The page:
Copyright 2010, Blake, Cassels & Graydon LLP
Originally published in Blakes Bulletin on Environmental/Aboriginal Law, May 2010
The Supreme Court of Canada recently ruled that a mining project located in territory covered by the James Bay and Northern Quebec Agreement (Agreement) must be reviewed under the Canadian Environmental Assessment Act (CEAA) before Fisheries and Oceans Canada (DFO) can issue an authorization for the destruction of fish habitat under s. 35(2) of the federal Fisheries Act. This is the first Supreme Court decision interpreting the Agreement as a treaty under s. 35 of the Constitution Act and it will have a lasting impact on the interpretation of modern treaties with Aboriginal Peoples in Quebec and elsewhere in Canada.
The subject of the appeal was a proposed vanadium mine in the vicinity of Chibougamau, Quebec (the Project). The Project will involve disruptions to watercourses and lakes in the area, as well as construction of tailings ponds, all of which will result in the harmful alteration of fish habitat. Accordingly, the Project requires a permit under the Fisheries Act before it can proceed. The issue on appeal was whether such a permit would be issued by DFO automatically, following a provincial environmental review process mandated under the Agreement, or whether a separate federal CEAA process would be required. The Court upheld the latter course: the Agreement does not override the CEAA.
The Agreement is a sophisticated, modern aboriginal land claims treaty entered into by James Bay Cree and Inuit communities, the federal government and the government of Quebec in 1975. The Agreement contains provisions for social and environmental impact assessments on treaty lands. The Project is located on lands classified under the Agreement as Category III. Under the Agreement, the Cree have the right to be consulted and to provide input on projects on Category III lands, but do not have a veto right.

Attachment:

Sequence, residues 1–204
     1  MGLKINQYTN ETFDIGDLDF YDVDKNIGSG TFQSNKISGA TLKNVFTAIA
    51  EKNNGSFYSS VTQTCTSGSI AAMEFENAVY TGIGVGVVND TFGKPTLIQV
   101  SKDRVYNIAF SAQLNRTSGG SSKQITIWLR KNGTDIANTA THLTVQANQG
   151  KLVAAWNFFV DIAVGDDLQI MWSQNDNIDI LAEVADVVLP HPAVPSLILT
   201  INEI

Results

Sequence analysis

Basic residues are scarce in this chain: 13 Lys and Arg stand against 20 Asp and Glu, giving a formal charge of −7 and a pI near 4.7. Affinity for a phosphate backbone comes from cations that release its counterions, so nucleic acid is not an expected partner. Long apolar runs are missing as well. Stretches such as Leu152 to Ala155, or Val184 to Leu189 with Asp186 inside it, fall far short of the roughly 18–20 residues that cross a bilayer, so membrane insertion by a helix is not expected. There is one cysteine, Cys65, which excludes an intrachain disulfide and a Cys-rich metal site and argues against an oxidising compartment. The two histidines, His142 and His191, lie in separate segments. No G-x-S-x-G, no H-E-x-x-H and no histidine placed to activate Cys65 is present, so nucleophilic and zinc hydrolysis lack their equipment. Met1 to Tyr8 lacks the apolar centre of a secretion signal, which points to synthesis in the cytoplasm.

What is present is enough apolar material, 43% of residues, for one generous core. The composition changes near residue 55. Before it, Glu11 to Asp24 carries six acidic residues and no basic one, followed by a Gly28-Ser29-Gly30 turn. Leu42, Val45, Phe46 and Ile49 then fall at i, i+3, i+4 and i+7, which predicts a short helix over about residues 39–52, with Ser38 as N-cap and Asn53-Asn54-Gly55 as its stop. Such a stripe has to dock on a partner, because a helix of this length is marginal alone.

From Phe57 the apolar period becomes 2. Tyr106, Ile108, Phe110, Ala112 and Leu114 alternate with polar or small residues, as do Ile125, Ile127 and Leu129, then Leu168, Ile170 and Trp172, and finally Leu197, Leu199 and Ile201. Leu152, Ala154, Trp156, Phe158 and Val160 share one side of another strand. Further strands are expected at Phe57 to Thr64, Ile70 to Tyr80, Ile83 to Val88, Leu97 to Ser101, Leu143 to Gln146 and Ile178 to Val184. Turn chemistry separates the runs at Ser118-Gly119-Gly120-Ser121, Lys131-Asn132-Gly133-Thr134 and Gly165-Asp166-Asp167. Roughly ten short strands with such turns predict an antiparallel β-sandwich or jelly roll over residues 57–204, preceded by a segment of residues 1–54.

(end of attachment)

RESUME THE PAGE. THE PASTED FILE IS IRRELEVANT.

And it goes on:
The Agreement provides a process for determining whether a proposed project falls under federal or provincial jurisdiction. In this case, all sides agreed that the Project generally falls under provincial jurisdiction. The Agreement sets out a process for a committee to study the project and make a recommendation to a provincial treaty administrator. The administrator makes a recommendation to the Quebec Cabinet, which can accept or overrule the recommendation.
In Moses, both the committee constituted under the Agreement and the provincial and federal authorities felt that the environmental impact statement submitted by the Project proponent fell short on its assessment of impact to fish and fish habitat. Litigation began before the matter was referred to the provincial administrator, after DFO announced it would require a comprehensive assessment of the Project under the CEAA.
THE MOSES DECISION
The Supreme Court of Canada clearly struggled with the outcome of this case, as indicated by the fact that it took the Court nearly a year after the hearing to release its decision (twice the normal period), and five members made up the majority decision while four members supported the minority opinion. Further, the two judgments split sharply on the correct method of analyzing the issue.